In yet another embodiment, the system also includes portable devices that communicate with the call center, the portable devices being operated by a sales representative or a service engineer. One of the portable devices may collect data for each stage of a process by transmitting to the call center a indication of a beginning of the process, and when the process completes, transmitting to the call center an indication of an ending of the process.
The present invention is further described in the detailed description that follows, by reference to the noted drawings by way of non-limiting examples of preferred embodiments of the present invention, in which like reference numerals represent similar parts throughout several views of the drawings, and in which:
The present invention is directed to a system that enables centralized support of installed machinery by continuously monitoring the installed machinery.
The system keeps track of the customer's machine operating conditions accurately and suggests products and services based on the data recorded during operation.
An object of the present invention is to explain to customers the effectiveness of the installed machine based upon a comparison of costs before and after installation.
Another object of the present invention is to continuously monitor and support machine operation until recognizing the planned effectiveness.
It is another object of the present invention to continuously monitor the operating machines and suggest maintenance services, such as supporting, examining and replacing consumable supplies.
It is a further object to monitor the operating machines to discover problems, and then suggest solutions.
Thus, the present invention continuously and accurately understands a customer's conditions, and provides appropriate suggestions and support until achievement of planned targets.
In one aspect of the present invention, a machine home doctor (MHD) team is assigned to operate and support the system. The team can be formed with a sales representative and a service engineer.
The call center 14 receives information and stores the information for each customer. In one embodiment, the information is stored based upon the customer's name and the machine name. A data server may be provided to record archived product information, machine operating information and manufacturing data.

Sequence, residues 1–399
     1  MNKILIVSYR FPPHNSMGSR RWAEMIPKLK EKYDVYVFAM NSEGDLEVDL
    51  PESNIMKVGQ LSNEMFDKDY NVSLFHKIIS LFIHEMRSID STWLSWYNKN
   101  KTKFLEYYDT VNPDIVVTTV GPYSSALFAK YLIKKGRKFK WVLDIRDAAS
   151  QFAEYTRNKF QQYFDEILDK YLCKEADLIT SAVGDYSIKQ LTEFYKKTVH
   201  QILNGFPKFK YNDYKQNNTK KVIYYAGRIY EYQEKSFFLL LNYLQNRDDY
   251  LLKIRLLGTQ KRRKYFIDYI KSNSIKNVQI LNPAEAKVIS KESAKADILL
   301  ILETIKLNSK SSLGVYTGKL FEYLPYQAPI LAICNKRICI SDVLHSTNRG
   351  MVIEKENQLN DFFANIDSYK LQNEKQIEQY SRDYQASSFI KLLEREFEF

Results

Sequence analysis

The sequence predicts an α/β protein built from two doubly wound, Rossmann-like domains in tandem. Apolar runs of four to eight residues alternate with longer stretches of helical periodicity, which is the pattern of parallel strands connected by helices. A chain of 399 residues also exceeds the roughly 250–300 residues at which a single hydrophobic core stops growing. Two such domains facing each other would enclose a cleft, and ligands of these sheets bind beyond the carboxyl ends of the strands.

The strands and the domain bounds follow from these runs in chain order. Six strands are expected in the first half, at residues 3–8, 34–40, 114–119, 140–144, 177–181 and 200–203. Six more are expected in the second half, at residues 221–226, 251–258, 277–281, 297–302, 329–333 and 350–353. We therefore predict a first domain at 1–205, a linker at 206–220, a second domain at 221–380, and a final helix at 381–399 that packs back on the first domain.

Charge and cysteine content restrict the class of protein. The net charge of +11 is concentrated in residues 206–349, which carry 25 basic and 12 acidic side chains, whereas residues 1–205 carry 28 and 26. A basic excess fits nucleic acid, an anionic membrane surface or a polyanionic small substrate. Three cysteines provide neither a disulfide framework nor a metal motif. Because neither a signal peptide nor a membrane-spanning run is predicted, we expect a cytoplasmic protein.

Exemplary information received at the call center includes machine operating information and graphics image information received from the operation data monitoring and collection system 12. Other information can be received from an MHD device 16, such as a personal computer or a cellular telephone carried by the service engineers and/or sales representatives of the MHD team. Information received from an MHD device 16 can include customer correspondence, such as questions and answers, and/or graphics images, as well as time stamps associated with the data.
The PC that the service engineers or the sales representatives carry, can input, edit, and display customer information data, such as the customer's work data and requirements. The PC may also analyze machine operating information and then provide service and suggest product for customers. In one embodiment, part ordering software, e.g., Part Navigator available from SolidWorks Corporation of Concord Mass., is provided on the PC, enabling the service engineer and/or sales representative to easily and promptly order parts while on-site. In this case, the Part Navigator software is modified to include an order function and access to a database storing parts.
The cell phone that service engineers or sales representatives carry can input, record and send the service information and a time-stamp. The cell phone can also record and send graphics images, such as photographs. In case the operation data monitoring and collection system 12 is inoperable or not set up, the cell phone can record and send a customer's machine operating information manually. The cell phone also enables a service engineer and/or sales representative to quickly order parts by part code.
A service center 18 may also be provided to support and manage service engineers and sales representatives. The service engineers and sales representatives can communicate with the service center 18 via cell phone or PC.
According to an aspect of the present invention, the customer support system can be used in a customer support process, which is shown in
Exemplary customer information that can be collected will now be discussed. The customer information can include the actual machine operating data. This machine operating data is specific to the machine that is being monitored, and can include the number of different items manufactured each day, the quantity of the same items manufactured each day, the number of hits each day, the amount of processing time each day (excluding set up time), and the amount of material processed each day.